Universities Put 'Cash Grab' Ahead of Quality Specialist Training

23/03/2006

AMA Vice President Dr Choong-Siew Yong said a report in yesterday's The Age newspaper about universities wanting to take over specialist medical training from the specialist Colleges is indicative of the dangerous new trend of Australian universities putting profits before people.

Dr Yong said the move by a group of universities, led by Melbourne University, is a blatant 'cash grab' that will do nothing to improve medical training or solve medical workforce shortages.

"This is an inappropriate and irresponsible approach that, if successful, would drive down the quality of medical training in Australia," Dr Yong said.

"The universities are already tripping over each other in the rush to get hold of the Government's new $200,000 full fee paying medical school places, and now they want the lot. How much do they intend to charge medical trainees to enter these courses, and how do they think they can provide better training than the Colleges?

"Medical Colleges have an enviable reputation for producing highly skilled medical practitioners and must be supported to continue their important role."

In recent years, the Colleges have been a target of Governments as they seek to shift blame for workforce problems. Yet, according to the 2005 Medical Training Review Panel Report there has been an increase of 40.6 per cent in first year vocational training positions since 1998. The 2003 Australian Competition and Consumer Commission (ACCC) Authorisation of the Royal Australian College of Surgeons (RACS) examined the public benefit of the College's training and assessment processes.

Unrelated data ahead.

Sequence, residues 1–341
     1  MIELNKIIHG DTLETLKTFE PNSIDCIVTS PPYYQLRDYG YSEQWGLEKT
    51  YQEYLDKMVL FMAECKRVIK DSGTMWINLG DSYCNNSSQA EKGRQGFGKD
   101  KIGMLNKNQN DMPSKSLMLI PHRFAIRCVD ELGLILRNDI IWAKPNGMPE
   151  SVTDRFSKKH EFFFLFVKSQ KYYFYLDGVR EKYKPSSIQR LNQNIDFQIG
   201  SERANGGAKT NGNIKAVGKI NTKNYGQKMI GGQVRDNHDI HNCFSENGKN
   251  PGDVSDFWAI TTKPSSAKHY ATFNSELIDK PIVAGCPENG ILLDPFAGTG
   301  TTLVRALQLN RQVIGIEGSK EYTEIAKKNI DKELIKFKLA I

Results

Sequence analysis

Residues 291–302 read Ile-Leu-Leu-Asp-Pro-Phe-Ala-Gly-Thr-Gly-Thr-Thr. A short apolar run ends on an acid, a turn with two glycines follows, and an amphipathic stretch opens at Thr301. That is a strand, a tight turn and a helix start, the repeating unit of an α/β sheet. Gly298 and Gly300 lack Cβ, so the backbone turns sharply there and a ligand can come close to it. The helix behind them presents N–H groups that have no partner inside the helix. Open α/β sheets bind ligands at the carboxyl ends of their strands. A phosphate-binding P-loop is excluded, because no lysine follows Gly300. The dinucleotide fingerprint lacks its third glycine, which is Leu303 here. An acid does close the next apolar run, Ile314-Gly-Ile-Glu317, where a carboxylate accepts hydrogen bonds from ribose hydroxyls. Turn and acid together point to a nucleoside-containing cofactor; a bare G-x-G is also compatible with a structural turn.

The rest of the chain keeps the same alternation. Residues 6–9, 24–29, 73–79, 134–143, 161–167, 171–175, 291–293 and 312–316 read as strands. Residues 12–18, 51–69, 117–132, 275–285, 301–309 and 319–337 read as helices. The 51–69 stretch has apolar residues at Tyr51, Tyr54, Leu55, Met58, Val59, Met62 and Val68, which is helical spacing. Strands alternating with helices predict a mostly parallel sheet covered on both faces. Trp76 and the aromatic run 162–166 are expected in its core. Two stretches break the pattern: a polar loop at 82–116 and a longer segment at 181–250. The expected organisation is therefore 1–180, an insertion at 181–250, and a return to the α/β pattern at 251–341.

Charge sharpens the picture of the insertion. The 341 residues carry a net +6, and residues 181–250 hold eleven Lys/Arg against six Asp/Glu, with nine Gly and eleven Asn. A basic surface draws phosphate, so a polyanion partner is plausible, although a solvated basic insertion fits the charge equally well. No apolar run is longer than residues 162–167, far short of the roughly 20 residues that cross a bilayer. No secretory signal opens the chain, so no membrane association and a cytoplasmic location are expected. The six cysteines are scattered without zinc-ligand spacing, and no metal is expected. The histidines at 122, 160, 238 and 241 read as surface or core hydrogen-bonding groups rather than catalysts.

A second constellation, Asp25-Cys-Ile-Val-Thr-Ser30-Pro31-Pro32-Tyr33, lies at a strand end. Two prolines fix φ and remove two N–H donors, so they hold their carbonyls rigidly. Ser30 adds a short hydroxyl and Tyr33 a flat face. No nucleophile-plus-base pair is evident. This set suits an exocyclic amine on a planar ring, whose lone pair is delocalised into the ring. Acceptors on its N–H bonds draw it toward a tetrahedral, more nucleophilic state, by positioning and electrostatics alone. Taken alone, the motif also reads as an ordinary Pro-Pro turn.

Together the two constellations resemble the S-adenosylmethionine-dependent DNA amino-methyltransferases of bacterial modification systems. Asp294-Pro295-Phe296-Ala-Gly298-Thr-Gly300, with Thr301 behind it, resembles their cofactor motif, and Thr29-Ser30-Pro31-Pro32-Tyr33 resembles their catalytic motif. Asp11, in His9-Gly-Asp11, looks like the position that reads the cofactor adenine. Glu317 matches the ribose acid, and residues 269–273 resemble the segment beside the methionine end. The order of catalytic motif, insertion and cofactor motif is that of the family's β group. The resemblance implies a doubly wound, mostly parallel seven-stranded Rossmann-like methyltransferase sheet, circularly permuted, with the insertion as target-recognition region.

The ACCC found that these generated public benefits from high surgical standards and the pro bono contribution made by College Fellows to training. The value of pro bono training in surgery has been estimated by the College of Surgeons at $230 million per year. Through the pro bono system, doctors can access specialist training programs at a relatively low cost.

Under College training, the specialist trainees are actually working in the hospital system, providing an important service to the community.

Dr Yong said the introduction of universities into specialist training would drive up costs to trainees because of the increasing commercial pressures on universities to make bigger and bigger profits.

"The universities are claiming they can cut specialist training time," Dr Yong said.

"They must come clean on what elements of specialist training they want to cut because cuts to training equates to cuts in quality.

"The Colleges, on the other hand, insist on rigorous standards that mean State Governments must invest considerable money and resources into public hospitals. It looks like State Government bean counters are looking to the universities to give them 'cheaper specialists' and 'discount medicine', throwing quality out the window.

"If this proposal goes ahead, the universities will get the profits while Australian patients will face the losses in the form of lower quality health services," Dr Yong said.